Right Kids, Right Time, Right Services: Developmental Surveillance in Early Childhood Education Settings

Thursday, May 12, 2016: 5:30 PM-7:00 PM
Hall A (Baltimore Convention Center)
B. Mozolic-Staunton1, J. Barbaro2, M. Donelly1 and J. Yoxall1, (1)School of Health and Human Sciences, Southern Cross University, Bilinga, Australia, (2)La Trobe University, Melbourne, Victoria, Australia

Background:   Children who are at risk for autism spectrum disorder (ASD) would benefit from early identification and access to early intervention, as this takes advantage of children’s early brain plasticity and improves outcomes for families and children.  ASD can be reliably detected in children as young as 18 months of age, although developmental surveillance practices are inconsistent in community health settings and many developmentally vulnerable children are not identified until late preschool or school age. Childcare settings present an ideal yet underutilized opportunity for ongoing developmental surveillance and appropriate, timely referral of young children to allied health supports.

Objectives: This study aims to implement and evaluate a system for identifying young children who have early signs of Autism Spectrum Disorder (ASD) and other developmental challenges in early childhood education and care centers in regional Australia.  Using the Social Attention and Communication Surveillance (SACS; Barbaro & Dissanayake, 2010), a highly reliable developmental monitoring system which has recently been developed and validated with maternal child health nurses in Australia, this study aims to improve the health and wellbeing of children who are showing early signs of ASD by increasing the capacity of those professionals working closely with young children and families on a daily basis to accurately and efficiently identify which children would most benefit from specialized early intervention services.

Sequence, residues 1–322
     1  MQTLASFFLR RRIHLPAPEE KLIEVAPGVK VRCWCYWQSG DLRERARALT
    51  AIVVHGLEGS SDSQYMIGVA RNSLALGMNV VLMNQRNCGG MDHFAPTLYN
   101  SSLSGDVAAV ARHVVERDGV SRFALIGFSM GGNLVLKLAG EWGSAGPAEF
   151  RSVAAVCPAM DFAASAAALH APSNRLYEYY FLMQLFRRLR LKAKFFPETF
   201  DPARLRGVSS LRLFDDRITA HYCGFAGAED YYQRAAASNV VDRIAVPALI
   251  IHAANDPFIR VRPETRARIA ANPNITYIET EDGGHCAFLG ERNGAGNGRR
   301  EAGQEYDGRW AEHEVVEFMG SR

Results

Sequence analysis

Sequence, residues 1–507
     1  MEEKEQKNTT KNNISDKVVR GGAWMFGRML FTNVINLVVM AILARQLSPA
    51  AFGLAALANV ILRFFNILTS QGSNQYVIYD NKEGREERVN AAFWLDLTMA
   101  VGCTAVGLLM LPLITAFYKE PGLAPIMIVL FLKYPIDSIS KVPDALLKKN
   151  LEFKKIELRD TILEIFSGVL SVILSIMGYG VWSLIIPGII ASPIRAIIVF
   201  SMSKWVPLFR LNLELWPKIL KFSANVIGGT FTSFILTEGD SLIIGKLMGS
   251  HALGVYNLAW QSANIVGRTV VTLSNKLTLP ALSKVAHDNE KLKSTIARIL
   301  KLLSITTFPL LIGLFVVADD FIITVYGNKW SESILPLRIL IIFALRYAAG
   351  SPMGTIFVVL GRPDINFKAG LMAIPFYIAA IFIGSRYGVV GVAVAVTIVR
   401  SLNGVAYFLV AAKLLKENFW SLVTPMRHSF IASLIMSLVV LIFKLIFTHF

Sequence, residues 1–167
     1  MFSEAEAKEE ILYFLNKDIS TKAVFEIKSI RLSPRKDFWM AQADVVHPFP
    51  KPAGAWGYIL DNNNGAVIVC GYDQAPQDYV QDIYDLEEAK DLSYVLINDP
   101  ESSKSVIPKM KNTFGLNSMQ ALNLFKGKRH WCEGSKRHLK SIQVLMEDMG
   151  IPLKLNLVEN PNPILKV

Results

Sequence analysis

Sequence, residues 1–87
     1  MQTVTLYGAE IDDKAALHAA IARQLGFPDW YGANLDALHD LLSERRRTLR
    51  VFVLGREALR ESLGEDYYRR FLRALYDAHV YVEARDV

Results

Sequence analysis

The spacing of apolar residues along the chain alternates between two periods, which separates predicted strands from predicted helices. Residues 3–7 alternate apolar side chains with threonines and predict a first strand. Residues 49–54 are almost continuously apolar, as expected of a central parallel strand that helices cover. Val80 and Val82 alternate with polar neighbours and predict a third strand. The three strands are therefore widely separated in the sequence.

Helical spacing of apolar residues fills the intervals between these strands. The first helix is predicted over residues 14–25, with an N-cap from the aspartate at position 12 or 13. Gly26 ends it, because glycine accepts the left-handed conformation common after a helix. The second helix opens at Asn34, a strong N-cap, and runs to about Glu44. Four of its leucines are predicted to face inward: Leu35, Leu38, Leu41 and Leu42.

Methods: Early childhood educators were trained and supported to completed developmental surveillance using SACS-R in their centres every 6 months over an 18 month period.  Any child identified as being at risk for developmental challenges received comprehensive developmental assessment including Autism Diagnostic Observation Schedule (ADOS-2). Specificity, sensitivity, positive and negative predictive values of SACS-R and common parent report measures was determined using regression and receiver operating characteristic (ROC) curve analysis.  Qualitative survey and interview data collected from participating educators and families provides information related to the perspective of educators on their role in the process of developmental surveillance and a deeper understanding of the nature of any barriers preventing families from accessing evidence-based early intervention supports in a timely manner.  

Results:   The inter-rater reliability of early childhood educators compared with maternal child health nurses is high (98%). Specificity, sensitivity and positive predictive value of SACS-R administered prospectively in natural groups of young children by early childhood educators is significantly higher when compared with commonly used parent report measures in accurately detecting the early signs of ASD in children aged 12 months- 4 years.  

Conclusions:  Understanding the effectiveness of current and emerging screening and surveillance tools and processes available to early childhood educators is critical in supporting their involvement in early identification of young children with ASD and has implications for policy and practice across the health and early childhood education sectors for timely, efficient and widely available early detection.